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Business Professor Selected as a Fulbright U.S. Scholar to Kenya

Katherine Stohlman Pieters, C'20

Josey Chacko in classroom

Josey Chacko, Ph.D., associate professor in the Mount St. Mary’s University’s Richard J. Bolte, Sr. School of Business, has been selected as a Fulbright U.S. Scholar to Kenya. He will spend six months of the 2024-25 academic year at the Technical University of Mombasa (TUM).

Josey ChackoChacko’s award comes as Kenya begins a nationwide change in pedagogy. Over the next few years, the country’s educational system will shift from an academic focus to a competency-based curriculum. Chacko, who grew up in Kenya and attended school there, is looking forward to being a part of the educational changes taking place.

His teaching at TUM will focus on supply chain management. “The Fulbright award will allow me to collaborate with, support, and learn from my colleagues at the Technical University of Mombasa, Kenya,” he said. Chacko will also use the time to further his research at the Mount.

“During my time at TUM, I will also work with my colleagues at the business school [at the Mount] on a faculty workshop on integrating generative artificial intelligence (AI) into pedagogy and classroom administration,” Chacko added.

He also looks forward to the cultural exchange that is a part of the U.S. Scholar Program. As a visiting professor, he will have the opportunity to share more about life and higher education in the United States, as well as bring home what he’s learned at TUM to the Mount.

The program will “prime me toward a more inclusive pedagogy that is informed by the teaching experiences in Kenya as well as the unique supply chain structures and systems in Kenya,” he noted. His long-term career goals include supporting student exchange programs with Kenya, enabling him to continue to be involved in Kenyan education.

Chacko shared that his goal from the start was to spend time studying and researching in Kenya, and this was the only Fulbright location he considered.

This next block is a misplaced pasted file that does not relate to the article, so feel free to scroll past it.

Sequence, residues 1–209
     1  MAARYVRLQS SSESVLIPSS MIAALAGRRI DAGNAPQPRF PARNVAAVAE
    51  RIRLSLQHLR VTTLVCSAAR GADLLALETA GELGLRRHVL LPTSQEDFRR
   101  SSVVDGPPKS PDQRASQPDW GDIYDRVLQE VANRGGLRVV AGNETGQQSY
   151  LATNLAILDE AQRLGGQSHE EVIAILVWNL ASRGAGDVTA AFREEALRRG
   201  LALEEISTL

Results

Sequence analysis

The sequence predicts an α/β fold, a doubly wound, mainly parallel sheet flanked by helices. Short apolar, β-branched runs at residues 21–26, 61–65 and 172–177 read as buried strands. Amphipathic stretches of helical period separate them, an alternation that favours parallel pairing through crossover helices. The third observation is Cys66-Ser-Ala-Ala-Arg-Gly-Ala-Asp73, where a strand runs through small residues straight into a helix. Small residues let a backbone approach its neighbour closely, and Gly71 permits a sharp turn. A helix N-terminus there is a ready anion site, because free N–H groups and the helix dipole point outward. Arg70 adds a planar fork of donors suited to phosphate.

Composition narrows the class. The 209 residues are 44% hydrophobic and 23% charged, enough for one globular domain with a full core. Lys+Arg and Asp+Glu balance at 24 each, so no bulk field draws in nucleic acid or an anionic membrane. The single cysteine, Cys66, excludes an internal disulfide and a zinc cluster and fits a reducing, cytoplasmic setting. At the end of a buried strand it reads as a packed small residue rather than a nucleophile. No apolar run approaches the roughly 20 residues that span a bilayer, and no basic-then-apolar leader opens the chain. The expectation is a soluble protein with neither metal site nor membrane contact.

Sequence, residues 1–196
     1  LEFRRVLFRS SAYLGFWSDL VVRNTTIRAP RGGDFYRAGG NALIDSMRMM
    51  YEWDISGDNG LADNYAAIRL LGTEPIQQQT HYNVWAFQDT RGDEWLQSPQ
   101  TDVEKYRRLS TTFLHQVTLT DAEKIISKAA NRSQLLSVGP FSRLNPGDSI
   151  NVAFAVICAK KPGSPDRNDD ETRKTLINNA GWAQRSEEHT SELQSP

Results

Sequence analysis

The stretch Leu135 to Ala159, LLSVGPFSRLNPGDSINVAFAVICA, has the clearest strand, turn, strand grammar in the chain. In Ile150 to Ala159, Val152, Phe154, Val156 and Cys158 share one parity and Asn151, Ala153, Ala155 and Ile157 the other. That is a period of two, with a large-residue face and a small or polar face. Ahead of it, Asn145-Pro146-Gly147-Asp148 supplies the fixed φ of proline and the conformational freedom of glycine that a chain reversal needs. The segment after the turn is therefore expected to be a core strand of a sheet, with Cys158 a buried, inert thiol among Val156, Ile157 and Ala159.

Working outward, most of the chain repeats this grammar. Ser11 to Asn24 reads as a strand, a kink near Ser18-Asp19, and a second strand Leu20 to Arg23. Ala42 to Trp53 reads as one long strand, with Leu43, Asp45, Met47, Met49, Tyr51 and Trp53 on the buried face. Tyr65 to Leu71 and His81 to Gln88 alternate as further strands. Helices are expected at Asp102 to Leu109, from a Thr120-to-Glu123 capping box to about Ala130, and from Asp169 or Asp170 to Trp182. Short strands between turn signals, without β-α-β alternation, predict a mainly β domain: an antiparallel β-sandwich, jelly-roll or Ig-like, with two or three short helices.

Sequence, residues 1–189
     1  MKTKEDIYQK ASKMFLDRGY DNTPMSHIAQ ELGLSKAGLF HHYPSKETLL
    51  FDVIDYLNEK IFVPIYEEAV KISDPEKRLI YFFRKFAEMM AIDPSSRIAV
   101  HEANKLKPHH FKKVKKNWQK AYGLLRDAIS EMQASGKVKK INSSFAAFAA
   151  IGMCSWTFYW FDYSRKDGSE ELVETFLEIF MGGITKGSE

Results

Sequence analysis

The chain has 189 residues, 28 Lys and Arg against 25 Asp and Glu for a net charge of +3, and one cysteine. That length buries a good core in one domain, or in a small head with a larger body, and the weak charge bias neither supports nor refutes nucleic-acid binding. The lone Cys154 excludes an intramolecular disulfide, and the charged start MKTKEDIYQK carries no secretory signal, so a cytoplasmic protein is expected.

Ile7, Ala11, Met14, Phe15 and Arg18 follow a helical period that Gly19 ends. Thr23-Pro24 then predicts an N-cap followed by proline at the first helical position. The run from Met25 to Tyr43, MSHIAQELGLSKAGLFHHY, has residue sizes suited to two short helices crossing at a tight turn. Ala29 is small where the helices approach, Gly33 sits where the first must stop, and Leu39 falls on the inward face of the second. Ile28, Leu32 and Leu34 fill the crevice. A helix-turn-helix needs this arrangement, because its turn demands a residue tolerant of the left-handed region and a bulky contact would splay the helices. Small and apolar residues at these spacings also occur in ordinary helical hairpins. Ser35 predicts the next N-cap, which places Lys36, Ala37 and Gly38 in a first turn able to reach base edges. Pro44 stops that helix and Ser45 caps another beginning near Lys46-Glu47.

He expressed his gratitude to his family and Mount colleagues for the immense support he received during the months-long application process. Fulbright offered “multiple seminars, discussions, trainings and opportunities for one-on-one discussions” to applicants. The in-depth applications involve several essays and a personal statement.

“Nicole Patterson in the Grants office was instrumental in this application. She critiqued my essay drafts, helped me to keep on target, and was a constant source of encouragement,” he shared.

“My project statement and essays also benefited from the feedback I received from several of my Mount colleagues, including Dr. Patrice Flynn, Dr. Jamie Gianoutsos, Dr. Ray Speciale, Dr. Solomon Tesfu, Dr. Barrett Turner and Dr. Bryan Zygmont. That’s what makes the Mount a special place to work, this awesome community we have.”

Professor of Global Business and Economics Patrice Flynn, Ph.D., and Dean of the College of Liberal Arts Bryan Zygmont, Ph.D., are previous Fulbright Scholar awardees. Flynn spent the Spring 2019 semester at South Ural State University working with Russian scholars to develop teaching materials for their business, finance, economics and management programs. While serving as an assistant professor of art history at Clarke University, Zygmont taught American studies in Poland in 2013.

Fulbright U.S. Scholars are faculty, researchers, administrators, and established professionals teaching or conducting research in affiliation with institutes abroad. Fulbright Scholars engage in cutting-edge research and expand their professional networks, often continuing research collaborations started abroad and laying the groundwork for forging future partnerships between institutions. Upon returning to their home countries, institutions, labs, and classrooms,
they share their stories and often become active supporters of international exchange, inviting foreign scholars to campus and encouraging colleagues and students to go abroad.

Since 1946, the Fulbright Program has provided over 400,000 talented and accomplished students, scholars, teachers, artists, and professionals of all backgrounds with the opportunity to study, teach, and conduct research abroad.

Fulbrighters exchange ideas, build people-to-people connections, and work to address complex global challenges. Notable Fulbrighters include 62 Nobel Laureates, 89 Pulitzer Prize winners, 80 MacArthur Fellows, 41 heads of state or government, and thousands of leaders across the private, public, and non-profit sectors.

Over 800 individuals teach or conduct research abroad through the Fulbright U.S. Scholar Program annually. In addition, over 2,000 Fulbright U.S. Student Program participants—recent college graduates, graduate students, and early career professionals—participate in study/research exchanges or as English teaching assistants in local schools abroad each year.

Fulbright is a program of the U.S. Department of State, with funding provided by the U.S. government. Participating governments and host institutions, corporations, and foundations around the world also provide direct and indirect support to the Program, which operates in over 160 countries worldwide.

In the United States, the Institute of International Education implements the Fulbright U.S. Student and U.S. Scholar Programs on behalf of the U.S. Department of State. For more information about the Fulbright Program, visit

Katherine Stohlman Pieters, C'20